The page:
Extending service to downtown San Francisco by crossing the bay is being considered as part of a proposed second Transbay Tube. A study of a joint project providing a second crossing for BART began in 2019. San Francisco has not had direct intercity rail service since 1971.

Frequency and ridership

During fiscal year 2017 the Capitol Corridor service carried 1,607,277 passengers, a 2.9% increase over FY2016. Revenue in FY2017 was $33,970,000, a 5.3% increase over FY2016, with a 57% farebox recovery ratio. It is the fourth busiest Amtrak route by ridership, surpassed only by the Northeast Regional, Acela Express, and Pacific Surfliner. In large part due to the route's success, as of 2017, Sacramento is the busiest station on the route, the seventh busiest in the Amtrak system and the second busiest in California.

The Capitol Corridor is used by commuters between the Sacramento area and the Bay Area as an alternative to driving on congested Interstate 80. Monthly passes and discounted trip tickets are available. Many politicians, lobbyists, and aides live in the Bay Area and commute to their jobs in Sacramento, including those connecting to the train via Amtrak Thruway Motorcoach from San Francisco, while workers in the Oakland, San Francisco, and Silicon Valley employment centers take the Capitol Corridor trains from their less expensive homes in Solano County and the Sacramento metropolitan area.

Starting on August 28, 2006, the Capitol Corridor had 16 weekday trains each way between Oakland and Sacramento, up from twelve in 2005 and three in 1992. (Seven of the sixteen ran to/from San Jose.) According to its management, ridership on the Capitol Corridor trains tripled between 1998 and 2005. On August 13, 2012, the Capitol Corridor dropped from 16 to 15 weekday round trips between Oakland and Sacramento; one round trip was discontinued due to high fuel costs, low ridership, and a new ability to store an extra train overnight in a Sacramento railyard.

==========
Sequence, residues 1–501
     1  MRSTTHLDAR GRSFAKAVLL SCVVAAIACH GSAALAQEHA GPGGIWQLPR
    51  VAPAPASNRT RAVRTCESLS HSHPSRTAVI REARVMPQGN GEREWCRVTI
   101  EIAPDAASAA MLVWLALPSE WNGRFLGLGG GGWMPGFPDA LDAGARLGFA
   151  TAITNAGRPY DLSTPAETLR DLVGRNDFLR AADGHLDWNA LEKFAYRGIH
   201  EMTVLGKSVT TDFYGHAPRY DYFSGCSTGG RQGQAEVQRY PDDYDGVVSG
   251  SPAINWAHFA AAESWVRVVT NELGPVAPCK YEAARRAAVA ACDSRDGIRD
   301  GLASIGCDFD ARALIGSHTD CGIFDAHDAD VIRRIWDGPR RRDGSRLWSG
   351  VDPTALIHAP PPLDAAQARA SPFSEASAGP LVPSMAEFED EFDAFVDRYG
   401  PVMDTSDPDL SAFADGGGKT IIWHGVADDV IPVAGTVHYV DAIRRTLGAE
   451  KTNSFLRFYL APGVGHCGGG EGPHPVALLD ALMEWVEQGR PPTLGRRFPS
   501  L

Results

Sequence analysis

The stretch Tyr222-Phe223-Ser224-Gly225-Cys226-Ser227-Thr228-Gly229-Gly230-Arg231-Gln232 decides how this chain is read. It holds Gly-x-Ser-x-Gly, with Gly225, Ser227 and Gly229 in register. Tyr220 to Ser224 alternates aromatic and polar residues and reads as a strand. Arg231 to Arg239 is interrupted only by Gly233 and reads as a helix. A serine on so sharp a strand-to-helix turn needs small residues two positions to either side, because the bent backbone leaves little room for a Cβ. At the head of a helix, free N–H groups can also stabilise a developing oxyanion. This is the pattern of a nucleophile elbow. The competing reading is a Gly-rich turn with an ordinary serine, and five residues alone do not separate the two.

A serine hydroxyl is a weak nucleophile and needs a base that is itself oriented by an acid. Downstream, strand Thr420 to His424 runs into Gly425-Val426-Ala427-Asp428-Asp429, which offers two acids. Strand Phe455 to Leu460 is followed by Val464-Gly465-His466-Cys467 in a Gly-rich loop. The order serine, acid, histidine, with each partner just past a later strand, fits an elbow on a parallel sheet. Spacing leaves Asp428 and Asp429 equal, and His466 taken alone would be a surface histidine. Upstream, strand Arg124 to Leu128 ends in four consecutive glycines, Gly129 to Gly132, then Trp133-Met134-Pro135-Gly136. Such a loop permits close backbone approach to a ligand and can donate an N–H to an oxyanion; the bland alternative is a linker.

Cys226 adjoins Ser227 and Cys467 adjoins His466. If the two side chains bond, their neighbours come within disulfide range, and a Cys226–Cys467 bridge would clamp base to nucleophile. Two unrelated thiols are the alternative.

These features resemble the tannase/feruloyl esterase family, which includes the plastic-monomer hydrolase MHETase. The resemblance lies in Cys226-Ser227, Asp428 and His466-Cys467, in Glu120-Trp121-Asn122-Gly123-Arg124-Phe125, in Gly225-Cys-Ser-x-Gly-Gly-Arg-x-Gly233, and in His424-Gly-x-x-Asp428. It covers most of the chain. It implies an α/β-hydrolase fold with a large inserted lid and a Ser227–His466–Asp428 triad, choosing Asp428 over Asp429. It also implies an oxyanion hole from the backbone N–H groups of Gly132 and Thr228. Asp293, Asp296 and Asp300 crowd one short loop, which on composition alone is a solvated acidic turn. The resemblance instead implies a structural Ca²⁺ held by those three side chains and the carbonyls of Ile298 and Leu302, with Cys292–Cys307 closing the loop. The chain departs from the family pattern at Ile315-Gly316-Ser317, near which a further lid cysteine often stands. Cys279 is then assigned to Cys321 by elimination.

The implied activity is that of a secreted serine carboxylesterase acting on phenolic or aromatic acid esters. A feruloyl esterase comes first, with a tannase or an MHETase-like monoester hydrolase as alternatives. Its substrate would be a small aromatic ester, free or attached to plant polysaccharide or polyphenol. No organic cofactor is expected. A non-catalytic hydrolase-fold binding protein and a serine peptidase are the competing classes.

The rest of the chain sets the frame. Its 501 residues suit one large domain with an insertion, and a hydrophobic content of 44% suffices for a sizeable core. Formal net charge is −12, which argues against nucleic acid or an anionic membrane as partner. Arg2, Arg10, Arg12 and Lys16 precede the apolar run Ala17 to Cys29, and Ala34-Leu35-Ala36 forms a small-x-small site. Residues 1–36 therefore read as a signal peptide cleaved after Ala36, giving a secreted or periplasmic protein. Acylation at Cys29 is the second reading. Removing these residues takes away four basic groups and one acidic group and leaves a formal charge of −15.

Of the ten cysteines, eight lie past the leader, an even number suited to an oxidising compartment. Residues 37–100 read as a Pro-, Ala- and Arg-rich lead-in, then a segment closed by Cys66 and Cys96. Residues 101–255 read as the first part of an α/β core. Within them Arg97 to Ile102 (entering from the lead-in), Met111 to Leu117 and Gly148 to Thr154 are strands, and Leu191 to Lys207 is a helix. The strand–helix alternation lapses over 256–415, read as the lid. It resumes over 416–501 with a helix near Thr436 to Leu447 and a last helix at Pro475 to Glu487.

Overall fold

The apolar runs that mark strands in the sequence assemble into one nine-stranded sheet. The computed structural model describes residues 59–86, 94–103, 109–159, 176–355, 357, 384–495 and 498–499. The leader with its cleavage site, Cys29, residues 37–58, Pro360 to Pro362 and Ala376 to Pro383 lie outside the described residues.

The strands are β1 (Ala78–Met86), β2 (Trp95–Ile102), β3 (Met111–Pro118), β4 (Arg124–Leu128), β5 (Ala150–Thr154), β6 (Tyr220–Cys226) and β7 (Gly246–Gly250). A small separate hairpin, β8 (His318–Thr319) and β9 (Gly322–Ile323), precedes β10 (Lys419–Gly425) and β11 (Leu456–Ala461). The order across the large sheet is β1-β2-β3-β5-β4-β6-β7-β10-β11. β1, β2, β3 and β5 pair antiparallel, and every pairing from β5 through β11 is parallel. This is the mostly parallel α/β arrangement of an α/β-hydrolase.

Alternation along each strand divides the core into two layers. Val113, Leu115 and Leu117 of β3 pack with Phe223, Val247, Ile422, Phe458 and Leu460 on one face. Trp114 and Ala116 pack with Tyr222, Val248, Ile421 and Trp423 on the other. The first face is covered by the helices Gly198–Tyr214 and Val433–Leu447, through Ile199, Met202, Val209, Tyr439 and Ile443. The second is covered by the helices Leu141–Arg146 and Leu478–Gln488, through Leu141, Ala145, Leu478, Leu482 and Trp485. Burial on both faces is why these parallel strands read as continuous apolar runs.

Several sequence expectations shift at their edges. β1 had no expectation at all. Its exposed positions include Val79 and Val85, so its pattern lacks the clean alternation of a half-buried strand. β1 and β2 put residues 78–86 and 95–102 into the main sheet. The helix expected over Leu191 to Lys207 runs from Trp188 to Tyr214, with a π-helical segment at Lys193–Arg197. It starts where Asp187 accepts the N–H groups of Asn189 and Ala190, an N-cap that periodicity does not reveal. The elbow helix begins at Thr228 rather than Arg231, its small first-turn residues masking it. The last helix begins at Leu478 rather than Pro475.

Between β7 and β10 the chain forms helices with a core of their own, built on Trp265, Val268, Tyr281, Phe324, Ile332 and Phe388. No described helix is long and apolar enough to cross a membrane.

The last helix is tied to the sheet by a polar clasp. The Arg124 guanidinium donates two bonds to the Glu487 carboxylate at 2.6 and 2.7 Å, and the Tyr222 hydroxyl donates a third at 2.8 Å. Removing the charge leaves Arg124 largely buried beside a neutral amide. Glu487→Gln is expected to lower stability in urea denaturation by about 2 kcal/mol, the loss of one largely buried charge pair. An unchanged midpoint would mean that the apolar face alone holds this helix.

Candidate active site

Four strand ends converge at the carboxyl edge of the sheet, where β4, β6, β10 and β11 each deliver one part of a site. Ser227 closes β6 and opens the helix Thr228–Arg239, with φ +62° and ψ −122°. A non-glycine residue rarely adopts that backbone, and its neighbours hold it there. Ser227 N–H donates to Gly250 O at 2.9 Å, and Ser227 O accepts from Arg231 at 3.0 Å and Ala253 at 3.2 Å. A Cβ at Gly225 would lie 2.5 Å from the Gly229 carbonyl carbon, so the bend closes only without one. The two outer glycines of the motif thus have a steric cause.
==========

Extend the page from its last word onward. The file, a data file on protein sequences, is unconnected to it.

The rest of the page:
As of October 2022, trains run as follows:

Auburn - San Jose: 1 round trip daily
Sacramento - San Jose: 6 round trips on weekdays, 7 round trips on weekends
Sacramento - Oakland Jack London Square: 6 round trips on weekdays, 4 round trips on weekends


The Capitol Corridor is fully funded by the state through Caltrans Division of Rail and Mass Transportation (DRMT). Caltrans managed the line from its inception in 1991 to 1997, but in 1998 the administration of the route was transferred to Capitol Corridor Joint Powers Authority (CCJPA), formed by transit agencies of which the Capitol Corridor serves in order to have more local control, while still funded by Caltrans. CCJPA in turn contracted with BART for day-to-day management and staff support; also, CCJPA makes decisions on the service level of Capitol Corridor, capital improvements along the route, and passenger amenities aboard the trains.

The Capitol Corridor Joint Powers Authority is governed by a board of directors which consists of 16 representatives from its member agencies:

Placer County Transportation Planning Agency (PCTPA)
Solano Transportation Authority (STA)
Yolo County Transportation District (YCTD)
Sacramento Regional Transit District (Sac RT)
San Francisco Bay Area Rapid Transit District (BART)
Santa Clara Valley Transportation Authority (VTA)


The Capitol Corridor and its administration agency, the CCJPA, are responsible for the maintenance of the Amtrak California's Northern California fleet, which is used by both the Capitol Corridor and the San Joaquin routes.

When the Capitol Corridor debuted in 1991, it used Amtrak F40PH locomotives and Amtrak Horizon Fleet cars. Dash 8 locomotives were also used as they were brand new at the time. This equipment was used until the mid-1990s when most of the current state-purchased equipment arrived.